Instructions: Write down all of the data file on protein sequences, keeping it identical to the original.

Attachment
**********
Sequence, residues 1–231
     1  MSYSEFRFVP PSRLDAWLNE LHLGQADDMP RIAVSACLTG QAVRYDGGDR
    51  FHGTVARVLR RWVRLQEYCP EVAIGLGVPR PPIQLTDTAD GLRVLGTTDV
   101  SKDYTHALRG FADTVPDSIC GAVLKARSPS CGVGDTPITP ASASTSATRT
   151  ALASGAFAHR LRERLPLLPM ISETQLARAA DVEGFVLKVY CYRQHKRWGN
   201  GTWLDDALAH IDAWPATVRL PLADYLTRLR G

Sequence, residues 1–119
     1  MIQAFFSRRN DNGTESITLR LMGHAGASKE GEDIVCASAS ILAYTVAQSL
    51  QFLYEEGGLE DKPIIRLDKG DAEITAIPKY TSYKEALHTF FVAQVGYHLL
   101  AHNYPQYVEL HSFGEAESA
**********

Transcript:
Sequence, residues 1–231
     1  MSYSEFRFVP PSRLDAWLNE LHLGQADDMP RIAVSACLTG QAVRYDGGDR
    51  FHGTVARVLR RWVRLQEYCP EVAIGLGVPR PPIQLTDTAD GLRVLGTTDV
   101  SKDYTHALRG FADTVPDSIC GAVLKARSPS CGVGDTPITP ASASTSATRT
   151  ALASGAFAHR LRERLPLLPM ISETQLARAA DVEGFVLKVY CYRQHKRWGN
   201  GTWLDDALAH IDAWPATVRL PLADYLTRLR G

Sequence, residues 1–119
     1  MIQAFFSRRN DNGTESITLR LMGHAGASKE GEDIVCASAS ILAYTVAQSL
    51  QFLYEEGGLE DKPIIRLDKG DAEITAIPKY TSYKEALHTF FVAQVGYHLL
   101  AHNYPQYVEL HSFGEAESA